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The total number of people with diabetes worldwide is projected to double by 2030.1,2 Given the increasing prevalence of obesity, these fgures probably underestimate the future prevalence of diabetes. The risk for developing type 2 diabetes mellitus (T2DM) and premature cardiovascular disease are strongly linked to the metabolic syndrome, a condition characterized by excess central adiposity, elevated triglycerides, reduced high-density lipoprotein (HDL) cholesterol, hypertension, and impaired glucose tolerance.3
A number of dietary factors have been implicated in the development and progression of this cardiometabolic phenotype. Chief among them have been sugars containing fructose: fructose, sucrose, and high-fructose corn syrup (HFCS). Since a temporal relationship was frst demonstrated between the increasing availability of HFCS and the prevalence of overweight and obesity in the US nearly a decade ago,4a fructose-centric view of cardiometabolic diseases has emerged. We aim to review the scientifc evidence supporting the role of fructose-containing sugars in the epidemics of diabetes and its related cardiometabolic complications.
Current Dietary Advice Regarding Sugar Intake
Various dietary guidelines have addressed sugars (see Table 1). Most have focused on the reduction of added fructose-containing sugars to maintain a healthy bodyweight.5–14 Recent American Heart Association lipid guidelines15 and international diabetes guidelines16–18 have singled out fructose by setting upper thresholds for fructose intake based on putative adverse lipid effects, although the American Diabetes Association acknowledges that fructose produces a lower postprandial glucose response when it replaces sucrose or starch in the diet.17 The guidelines implicate all fructose-containing sugars. There is now broad scientifc consensus that sucrose and most forms of HFCS are nutritionally and metabolically equivalent.19–21 Differences in the thresholds for harm set by the different guidelines, however, re"ect some uncertainty in the evidence on which the guidelines are based.
Dietary Sugar Sources/Typical Intake Patterns
Sugars are found naturally in fruit and fruit products (fructose) and are added to foods mainly as sucrose (50 % bound fructose) or HFCS (42 % to 55 % free fructose) during preparation or processing to improve their palatability. HFCS is available at various fructose levels. HFCS 42, used in beverages, processed foods, cereals, and baked goods, comprises 42 % fructose and 53 % glucose. HFCS 90 comprises 90 % fructose and 10 % glucose. It is used in small quantities for specialized applications, but is primarily blended with HFCS to produce HFCS 55, which is used in soft drinks. The most important sources of fructose are nonalcoholic beverages (46 %) followed by grain products (17.3 %), and fruit and fruit products (13.4 %) (see Figure 1). The introduction of corn sweeteners in the early 1970s led to the progressive replacement of sucrose with HFCS in sugar-sweetened beverages (SSBs), so that the availability of sucrose (44 %) and HFCS (42 %) in the US market is roughly equal.22 The use of fruit sugar concentrate is also increasing.23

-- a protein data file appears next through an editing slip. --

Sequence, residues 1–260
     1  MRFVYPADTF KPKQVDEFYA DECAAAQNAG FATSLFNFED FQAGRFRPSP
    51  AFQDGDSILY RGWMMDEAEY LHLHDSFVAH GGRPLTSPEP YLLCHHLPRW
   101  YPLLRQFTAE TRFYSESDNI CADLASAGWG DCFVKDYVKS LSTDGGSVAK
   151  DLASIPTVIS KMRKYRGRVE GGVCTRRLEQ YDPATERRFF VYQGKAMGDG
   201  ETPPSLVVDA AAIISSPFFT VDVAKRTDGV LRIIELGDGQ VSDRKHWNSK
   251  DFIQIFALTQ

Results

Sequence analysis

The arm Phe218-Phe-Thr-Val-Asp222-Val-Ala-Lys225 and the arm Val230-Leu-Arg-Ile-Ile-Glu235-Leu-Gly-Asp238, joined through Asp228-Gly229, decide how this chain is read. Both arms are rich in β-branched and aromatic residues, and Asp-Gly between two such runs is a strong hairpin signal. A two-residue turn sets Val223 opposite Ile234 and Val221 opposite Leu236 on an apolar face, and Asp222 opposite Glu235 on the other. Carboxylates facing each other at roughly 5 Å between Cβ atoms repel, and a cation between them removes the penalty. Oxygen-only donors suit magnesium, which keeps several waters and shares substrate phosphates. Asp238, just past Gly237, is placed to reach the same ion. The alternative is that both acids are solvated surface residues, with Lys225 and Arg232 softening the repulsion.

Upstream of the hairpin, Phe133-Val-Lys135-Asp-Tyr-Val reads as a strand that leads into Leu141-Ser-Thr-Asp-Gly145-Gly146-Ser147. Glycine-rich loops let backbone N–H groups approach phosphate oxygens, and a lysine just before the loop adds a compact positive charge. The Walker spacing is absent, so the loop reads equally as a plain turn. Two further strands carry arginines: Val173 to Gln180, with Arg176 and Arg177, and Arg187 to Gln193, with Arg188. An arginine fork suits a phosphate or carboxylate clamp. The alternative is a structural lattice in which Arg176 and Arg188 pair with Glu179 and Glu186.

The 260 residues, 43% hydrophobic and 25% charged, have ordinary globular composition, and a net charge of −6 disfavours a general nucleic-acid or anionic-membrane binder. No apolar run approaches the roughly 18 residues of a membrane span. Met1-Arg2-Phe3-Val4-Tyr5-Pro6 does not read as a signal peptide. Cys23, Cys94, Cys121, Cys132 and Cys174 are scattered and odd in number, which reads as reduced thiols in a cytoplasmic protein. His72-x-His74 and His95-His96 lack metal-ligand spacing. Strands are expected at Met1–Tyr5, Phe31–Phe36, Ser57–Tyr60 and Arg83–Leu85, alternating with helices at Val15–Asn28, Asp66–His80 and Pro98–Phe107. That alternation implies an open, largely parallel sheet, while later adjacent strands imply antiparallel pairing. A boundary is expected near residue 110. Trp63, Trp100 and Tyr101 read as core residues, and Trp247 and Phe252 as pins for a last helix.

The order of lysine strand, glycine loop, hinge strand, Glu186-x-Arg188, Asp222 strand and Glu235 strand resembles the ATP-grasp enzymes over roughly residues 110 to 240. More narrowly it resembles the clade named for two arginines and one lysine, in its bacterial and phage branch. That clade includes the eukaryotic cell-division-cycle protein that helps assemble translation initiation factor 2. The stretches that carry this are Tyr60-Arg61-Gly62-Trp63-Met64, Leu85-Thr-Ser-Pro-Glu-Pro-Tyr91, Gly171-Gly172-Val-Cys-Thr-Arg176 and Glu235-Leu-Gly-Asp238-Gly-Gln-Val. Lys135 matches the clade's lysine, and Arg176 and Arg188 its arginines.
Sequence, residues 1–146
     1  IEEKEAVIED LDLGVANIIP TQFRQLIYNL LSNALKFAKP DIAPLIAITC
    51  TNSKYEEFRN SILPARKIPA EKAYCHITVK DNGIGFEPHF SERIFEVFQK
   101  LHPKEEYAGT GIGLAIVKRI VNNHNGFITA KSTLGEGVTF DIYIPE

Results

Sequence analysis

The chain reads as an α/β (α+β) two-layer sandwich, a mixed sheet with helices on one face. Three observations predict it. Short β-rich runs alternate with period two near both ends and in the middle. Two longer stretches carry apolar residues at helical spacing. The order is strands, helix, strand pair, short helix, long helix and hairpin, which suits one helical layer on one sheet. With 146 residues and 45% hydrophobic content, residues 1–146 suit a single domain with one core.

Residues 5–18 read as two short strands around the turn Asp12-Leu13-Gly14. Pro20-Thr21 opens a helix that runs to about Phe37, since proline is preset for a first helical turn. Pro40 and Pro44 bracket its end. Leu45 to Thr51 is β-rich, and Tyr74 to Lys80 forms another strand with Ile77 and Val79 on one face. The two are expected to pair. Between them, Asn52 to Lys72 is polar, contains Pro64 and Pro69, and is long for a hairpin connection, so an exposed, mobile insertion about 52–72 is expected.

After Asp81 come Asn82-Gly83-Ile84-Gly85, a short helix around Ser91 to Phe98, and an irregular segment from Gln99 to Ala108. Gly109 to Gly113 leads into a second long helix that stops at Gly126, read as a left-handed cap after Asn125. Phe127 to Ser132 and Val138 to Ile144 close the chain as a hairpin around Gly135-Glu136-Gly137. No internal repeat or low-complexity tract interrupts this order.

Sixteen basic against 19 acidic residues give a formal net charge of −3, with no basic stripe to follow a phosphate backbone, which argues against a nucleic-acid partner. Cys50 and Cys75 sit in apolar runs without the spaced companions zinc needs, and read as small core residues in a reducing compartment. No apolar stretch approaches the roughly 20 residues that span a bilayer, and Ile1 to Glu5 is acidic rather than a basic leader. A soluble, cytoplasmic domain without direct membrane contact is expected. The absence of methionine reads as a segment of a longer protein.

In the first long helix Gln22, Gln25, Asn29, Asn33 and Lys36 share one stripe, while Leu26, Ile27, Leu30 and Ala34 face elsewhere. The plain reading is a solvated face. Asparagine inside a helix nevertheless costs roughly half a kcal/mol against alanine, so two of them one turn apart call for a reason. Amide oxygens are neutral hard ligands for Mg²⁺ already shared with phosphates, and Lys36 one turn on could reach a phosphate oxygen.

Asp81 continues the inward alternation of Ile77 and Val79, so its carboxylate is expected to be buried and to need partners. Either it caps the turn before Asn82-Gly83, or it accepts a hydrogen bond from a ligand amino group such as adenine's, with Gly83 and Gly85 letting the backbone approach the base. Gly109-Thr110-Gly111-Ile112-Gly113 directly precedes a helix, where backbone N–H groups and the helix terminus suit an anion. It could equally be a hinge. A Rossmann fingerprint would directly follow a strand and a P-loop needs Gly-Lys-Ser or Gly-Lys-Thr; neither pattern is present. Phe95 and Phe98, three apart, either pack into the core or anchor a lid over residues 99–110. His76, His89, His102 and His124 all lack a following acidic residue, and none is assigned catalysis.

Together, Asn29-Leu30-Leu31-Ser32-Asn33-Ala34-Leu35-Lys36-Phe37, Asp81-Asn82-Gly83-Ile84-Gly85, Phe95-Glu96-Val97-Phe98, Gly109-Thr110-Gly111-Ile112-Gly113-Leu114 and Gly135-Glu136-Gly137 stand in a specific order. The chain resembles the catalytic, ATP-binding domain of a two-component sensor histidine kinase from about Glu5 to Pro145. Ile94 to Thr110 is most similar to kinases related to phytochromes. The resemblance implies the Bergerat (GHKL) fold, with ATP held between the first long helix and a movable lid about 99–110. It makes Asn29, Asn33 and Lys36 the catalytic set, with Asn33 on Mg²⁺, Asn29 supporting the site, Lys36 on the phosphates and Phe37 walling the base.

Although the availability of sugars has increased considerably over the last 50 years,24 total added sugar intake has begun to decrease over the last decade in the US. According to an analysis of the National Health and Nutrition Examination Survey (NHANES) III from 1999 to 2008 (n=42,316), the intake of added sugars in the US has decreased from 100.1 g/day (18.1 % energy) to 76.7 g/day (14.6 % energy), with a reduction in the intake of SSBs accounting for two-thirds of this reduction.25 The contribution of fructose to the diet has followed these trends. Total fructose intake is 49 g/day (9.1 % energy intake) at the 50th percentile and 87 g/day (14.6 % energy intake) at the 95th percentile.22 The highest intakes of fructose are among males 15–18y and 19–22y, each of whom consumes 75 g/day at the 50th percentile and 121 g/day and 134 g/ day, respectively, at the 95th percentile. On a per bodyweight basis, the highest intakes of fructose are in non-breast-fed infants and toddlers.22